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From washhouses to castles / summer version - Trail Station

Discover the Niort - Marais Poitevin Trail Station, its most beautiful landscapes and its best routes for a day, a weekend or a week of sport!



Panneau carré blanc et noir avec intitulé Station de Trail

Nature (faune, flore)

This trail is part of the Niort - Marais Poitevin Trail Station.

A course with a beautiful sequence! Surprisingly flat. Lots of short climbs and descents to follow, with rolling sections in between, making this a varied and physical route. Please note that from 01 November to 31 March the chain boat is not available, so you'll need to add a few kilometres.

-> Trail Station signposted route

From washhouses to castles / summer version - Trail Station

Distance : 16.2 km

Step 1: Moulin d'âne

This nickname, spelt in Old French "anne" or "enne" meaning duck, may be the result of the constant presence of ducks.
This private property is an old wheat or fulling mill, mentioned as early as 1260 and owned in the 17th century by Mme de Mougon, owner of the Surimeau dwelling. In 1864, the Prefect of the Deux-Sèvres authorised the owners of the Ste-Pezenne mills to undertake work to channel the course of the river. This was still the golden age of the Sèvre mills, which transformed wheat grains into white flour that was exported as far away as the West Indies! After the First World War, they disappeared with the advent of electric flour mills. After the Second World War, the moulin d'Ane reach was converted into a communal swimming pool. Imagine bathers in one-piece suits, wooden cabins and diving boards! A municipal by-law banned all public swimming in 1969.

Step 2: La Sèvre Niortaise

The Sèvre Niortaise is a coastal river that rises near Sepvret in the Deux-Sèvres department, flows through Niort, then descends into the Marais Poitevin, where it forms the main hydraulic artery, before finally emptying into the Atlantic Ocean in the Anse de l'Aiguillon opposite the Ile de Ré.

Step 3: Église de Sainte Pezenne

The oldest church in Niort was built on the site of a temple dedicated to Thor, rebuilt in the 11th and 17th centuries, and altered from the 15th to the 20th century. It was listed in 2003.
At the time of Clovis, Pezenne fled her native Spain to Aquitaine, where exactions reigned. She died of exhaustion on a hillside on the Sèvre Niortaise. Miraculous cures around her tomb led to a popular pilgrimage. In 1147, during the Second Crusade, Eleanor of Aquitaine donated the remains to the Count of Vermandois, who took them to St-Quentin in northern France. The town was taken in 1557 by the army of Philip II of Spain. The emperor gave the relic to his sister, the Empress of Germany. On her death, she returned it to her country of origin. Her body was placed in a chapel in the royal palace of El Escorial in Madrid. A phalanx of the nun was donated to the Pexin parish in 1955.

Step 4: Sciecq

Sitting on a promontory, the village, grouped around its church, is hemmed in by a wide loop of the Sèvre Niortaise. Its Latin name, Scissoe aquae, is linked to the existence of four ancient fords. Saziacum was mentioned in 989 in connection with a reconciliation between Duke William IV of Aquitaine and his wife Emma. The carved shell to the right of the old south door of the sanctuary is a reminder that Sciecq is located on one of the secondary routes of the Pilgrim's Way to Santiago de Compostela. In this natural setting, the landscape - a miniature blend of plain, marsh and hedged farmland - and the river heritage are an invitation to take refreshing country walks.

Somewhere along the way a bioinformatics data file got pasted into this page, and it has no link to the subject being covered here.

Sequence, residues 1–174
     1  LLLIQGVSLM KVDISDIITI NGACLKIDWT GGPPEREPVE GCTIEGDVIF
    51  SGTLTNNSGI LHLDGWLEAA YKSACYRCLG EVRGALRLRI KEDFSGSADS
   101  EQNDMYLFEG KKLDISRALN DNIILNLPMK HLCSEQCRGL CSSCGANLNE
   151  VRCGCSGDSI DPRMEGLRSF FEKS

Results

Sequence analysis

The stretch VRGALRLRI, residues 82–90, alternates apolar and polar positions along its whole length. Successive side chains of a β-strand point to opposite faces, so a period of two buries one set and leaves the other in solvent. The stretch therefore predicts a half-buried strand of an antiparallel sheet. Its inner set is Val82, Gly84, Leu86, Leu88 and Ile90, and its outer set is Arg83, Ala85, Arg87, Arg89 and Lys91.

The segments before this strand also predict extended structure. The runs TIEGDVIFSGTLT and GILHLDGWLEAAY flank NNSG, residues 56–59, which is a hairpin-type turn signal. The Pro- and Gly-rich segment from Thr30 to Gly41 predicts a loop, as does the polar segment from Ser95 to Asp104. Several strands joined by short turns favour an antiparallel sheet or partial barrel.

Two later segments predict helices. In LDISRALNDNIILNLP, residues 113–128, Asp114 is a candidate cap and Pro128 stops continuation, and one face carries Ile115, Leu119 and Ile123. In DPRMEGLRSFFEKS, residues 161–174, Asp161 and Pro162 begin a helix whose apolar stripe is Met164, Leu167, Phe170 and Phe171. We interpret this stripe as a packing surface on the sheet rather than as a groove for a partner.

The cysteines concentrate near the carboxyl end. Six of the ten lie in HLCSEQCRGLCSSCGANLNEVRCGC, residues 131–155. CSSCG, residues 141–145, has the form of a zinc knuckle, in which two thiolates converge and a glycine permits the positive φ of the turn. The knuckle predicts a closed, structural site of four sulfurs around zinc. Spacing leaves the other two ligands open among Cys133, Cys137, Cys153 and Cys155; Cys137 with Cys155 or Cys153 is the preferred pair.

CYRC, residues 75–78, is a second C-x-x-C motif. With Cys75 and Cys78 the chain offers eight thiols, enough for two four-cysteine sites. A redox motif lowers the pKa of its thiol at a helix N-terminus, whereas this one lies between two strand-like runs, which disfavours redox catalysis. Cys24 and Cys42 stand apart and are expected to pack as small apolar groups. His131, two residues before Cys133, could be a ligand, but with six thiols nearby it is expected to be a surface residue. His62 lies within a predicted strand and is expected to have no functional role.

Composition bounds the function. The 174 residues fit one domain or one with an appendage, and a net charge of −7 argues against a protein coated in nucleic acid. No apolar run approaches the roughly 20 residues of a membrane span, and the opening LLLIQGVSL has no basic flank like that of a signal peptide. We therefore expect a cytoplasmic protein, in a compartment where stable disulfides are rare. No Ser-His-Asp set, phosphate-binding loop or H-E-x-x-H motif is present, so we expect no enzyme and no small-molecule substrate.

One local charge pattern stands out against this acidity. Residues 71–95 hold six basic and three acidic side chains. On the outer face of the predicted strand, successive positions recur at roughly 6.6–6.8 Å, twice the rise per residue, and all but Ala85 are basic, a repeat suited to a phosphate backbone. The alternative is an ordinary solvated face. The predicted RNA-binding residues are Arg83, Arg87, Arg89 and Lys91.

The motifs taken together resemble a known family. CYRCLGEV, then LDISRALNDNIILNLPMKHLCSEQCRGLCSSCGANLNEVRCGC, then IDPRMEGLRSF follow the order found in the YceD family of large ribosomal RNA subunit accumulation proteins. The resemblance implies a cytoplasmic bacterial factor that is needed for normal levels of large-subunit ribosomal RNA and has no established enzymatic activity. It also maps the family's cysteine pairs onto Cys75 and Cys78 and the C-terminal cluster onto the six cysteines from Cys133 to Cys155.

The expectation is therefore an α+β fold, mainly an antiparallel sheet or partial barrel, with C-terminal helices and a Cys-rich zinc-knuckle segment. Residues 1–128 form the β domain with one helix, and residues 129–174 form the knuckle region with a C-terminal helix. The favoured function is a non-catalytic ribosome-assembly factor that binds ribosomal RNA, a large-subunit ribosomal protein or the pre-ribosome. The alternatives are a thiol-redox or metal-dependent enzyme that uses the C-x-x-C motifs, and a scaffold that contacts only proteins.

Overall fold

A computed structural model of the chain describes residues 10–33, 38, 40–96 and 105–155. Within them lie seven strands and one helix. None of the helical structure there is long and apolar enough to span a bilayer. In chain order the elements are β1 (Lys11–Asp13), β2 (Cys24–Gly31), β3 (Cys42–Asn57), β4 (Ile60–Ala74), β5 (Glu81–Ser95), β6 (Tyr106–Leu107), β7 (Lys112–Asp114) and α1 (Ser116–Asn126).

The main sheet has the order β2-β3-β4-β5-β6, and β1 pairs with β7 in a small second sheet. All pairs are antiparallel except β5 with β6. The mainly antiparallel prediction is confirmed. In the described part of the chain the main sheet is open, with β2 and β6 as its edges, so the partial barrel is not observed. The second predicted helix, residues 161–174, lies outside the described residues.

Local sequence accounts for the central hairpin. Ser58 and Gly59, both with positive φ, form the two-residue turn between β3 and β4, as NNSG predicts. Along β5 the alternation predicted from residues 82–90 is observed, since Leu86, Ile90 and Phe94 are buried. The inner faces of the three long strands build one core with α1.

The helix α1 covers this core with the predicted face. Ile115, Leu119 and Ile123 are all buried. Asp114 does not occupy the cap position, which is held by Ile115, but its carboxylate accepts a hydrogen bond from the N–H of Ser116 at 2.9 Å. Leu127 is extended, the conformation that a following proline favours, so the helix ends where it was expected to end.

Step 5: Église Sainte Madeleine

The church consists of a single 25 m long nave with a ceiling, no transept, and a vaulted apse painted with a starry celestial vault. The capitals of the second bay supporting the bell tower are adorned with an ox's head held by the horns by two monsters, a centaur hunting while shooting his arrows, a mermaid (La Mellusine) plaiting her hair and flanked by a boar... To the right of the walled southern door, a sculpted shell reminds us that the building is located on one of the secondary Jacobean routes through the Deux-Sèvres.

Step 6: Bateau à chaîne

The chain boat known as "Le Mursay" is a system that has been set up to cross the canals of the Marais Poitevin quickly and easily. Just pull the chain and it will pull you across to the other side of the river.

Step 7: Château de Mursay

In the 16th century, this manor house, now a garden of ruins listed as a Historic Monument, was the fiefdom of Agrippa d'Aubigné, grandfather of the Marquise de Maintenon, a great poet of the Baroque period and squire to the future Henri IV, who spent the happiest days of his life here in 1576. The Allée du Roy, an avenue of three hundred-year-old lime trees, bears this name in memory of his stay.
Situated on the left bank of the Sèvre, on a terrace on stilts above high water, below the Gallic road known as the Magné road, close to a ford, the former castel used as an outpost at Coudray-Salbart was transformed into a château d'agrément between 1596 and 1613 by Agrippa d'Aubigné, who extensively and comfortably rebuilt it.

Step 8: Château des loups

Private property. Set in lush greenery, Château des Loups has preserved its anonymity away from the public eye.
This magnificent estate is set against the backdrop of the château, a 19th-century Renaissance-style residence overlooking the Sèvre Niortaise.

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